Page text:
The inventor and developer of the NARCAN® Nasal Spray talks about the opioid crisis, fentanyl, and what he hopes to hear discussed at this week’s virtual RX Drug and Heroin Summit.
Roger Crystal set out to impact healthcare at a ‘societal’ level. The doctor who developed the NARCAN® Nasal Spray says he is proud to see its impact on the opioid crisis in the United States: the opioid overdose reversal medicine has saved a large number of lives.
Now, as Opiant develops a potential new standard in opioid overdose reversal medicine designed to tackle synthetic opioids like fentanyl, the President and CEO of Opiant Pharmaceuticals says he could never of envisaged the opioid crisis would be dominated by such a dangerous compound.
“Fentanyl is really a different beast. It is far deadlier than either heroin or prescription opioids.”
Ahead of this year’s RX Drug and Heroin Summit, Dr. Crystal spoke with Opiant’s Communications Vice President Ben Atkins on April 7. What follows is an edited transcript of the conversation
Q: Why did you develop the NARCAN® Nasal Spray?
A: Roger Crystal: I developed the NARCAN® Nasal Spray because data in 2011 made quite apparent an emerging opioid crisis in the United States and that this was going to become a serious problem. We were already observing more opioid overdose deaths in the United States than there were road traffic accident deaths. And one of the main limitations was the fact that naloxone, a medication for reversing opioid overdose, was only approved by the FDA as an injection. In this form, the only people qualified to use it to save a life were well-trained paramedics or physicians. As a nasal spray, it can be put into the hands of anyone, enabling them to use it to save a life.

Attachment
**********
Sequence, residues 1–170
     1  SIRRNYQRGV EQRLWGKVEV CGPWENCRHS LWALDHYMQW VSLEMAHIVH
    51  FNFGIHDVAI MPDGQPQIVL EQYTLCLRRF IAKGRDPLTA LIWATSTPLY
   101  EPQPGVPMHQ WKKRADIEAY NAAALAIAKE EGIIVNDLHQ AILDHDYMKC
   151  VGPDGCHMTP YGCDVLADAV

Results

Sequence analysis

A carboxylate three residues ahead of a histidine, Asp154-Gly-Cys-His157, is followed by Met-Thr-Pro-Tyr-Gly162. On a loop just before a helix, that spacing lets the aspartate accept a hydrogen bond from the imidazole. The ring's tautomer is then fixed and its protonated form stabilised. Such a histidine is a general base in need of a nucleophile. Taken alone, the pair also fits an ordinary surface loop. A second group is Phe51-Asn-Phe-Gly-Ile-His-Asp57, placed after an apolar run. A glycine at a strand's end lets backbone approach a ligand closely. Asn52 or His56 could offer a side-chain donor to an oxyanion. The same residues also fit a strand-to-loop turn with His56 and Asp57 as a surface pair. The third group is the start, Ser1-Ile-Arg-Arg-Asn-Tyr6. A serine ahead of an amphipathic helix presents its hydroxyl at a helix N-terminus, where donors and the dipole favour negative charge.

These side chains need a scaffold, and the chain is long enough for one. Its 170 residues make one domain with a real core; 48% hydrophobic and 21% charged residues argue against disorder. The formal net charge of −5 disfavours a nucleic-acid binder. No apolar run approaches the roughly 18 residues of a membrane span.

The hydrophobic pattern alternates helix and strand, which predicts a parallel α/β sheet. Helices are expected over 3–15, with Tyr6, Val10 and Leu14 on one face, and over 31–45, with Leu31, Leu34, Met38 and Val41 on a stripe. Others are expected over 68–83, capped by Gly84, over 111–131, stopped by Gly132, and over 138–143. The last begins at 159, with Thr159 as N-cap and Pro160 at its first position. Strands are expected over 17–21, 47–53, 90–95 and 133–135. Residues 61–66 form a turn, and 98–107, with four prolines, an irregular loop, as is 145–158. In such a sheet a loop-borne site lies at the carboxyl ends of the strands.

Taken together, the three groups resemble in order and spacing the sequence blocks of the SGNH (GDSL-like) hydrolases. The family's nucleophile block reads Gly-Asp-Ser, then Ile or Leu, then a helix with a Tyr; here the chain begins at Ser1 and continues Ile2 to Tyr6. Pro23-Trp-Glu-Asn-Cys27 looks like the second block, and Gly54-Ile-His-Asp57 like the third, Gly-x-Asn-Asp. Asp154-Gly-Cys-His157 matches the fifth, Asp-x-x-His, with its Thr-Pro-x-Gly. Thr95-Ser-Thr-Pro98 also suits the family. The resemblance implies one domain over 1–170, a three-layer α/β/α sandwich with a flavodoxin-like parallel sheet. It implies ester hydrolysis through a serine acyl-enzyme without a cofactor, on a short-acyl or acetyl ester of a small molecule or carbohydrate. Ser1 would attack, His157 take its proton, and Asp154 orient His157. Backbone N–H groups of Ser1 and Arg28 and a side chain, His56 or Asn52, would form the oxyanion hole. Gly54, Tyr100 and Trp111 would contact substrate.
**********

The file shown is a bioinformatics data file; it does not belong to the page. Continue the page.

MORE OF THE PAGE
Q: How would you characterize the opioid situation today?
A: Roger Crystal: The opioid crisis today, and in particular for those individuals with an opioid use disorder, has become a fentanyl crisis. Fentanyl is really a different beast. It’s far deadlier than either heroin or prescription opioids. Fentanyl is a synthetic opioid that is at least 50 times stronger than heroin. It acts quicker and lasts longer than heroin. It’s also easier and cheaper to make than heroin. The real problem here is that many people don’t set out to take fentanyl. It is often hidden in fake prescription medicines and in illicit drugs including cocaine and heroin. The consequences are terrible. Fentanyl was involved in over 60% of the almost 50,000 opioid overdose deaths suffered in the United States in 2018 – a ten percent increase in deaths from synthetic opioids since the previous year.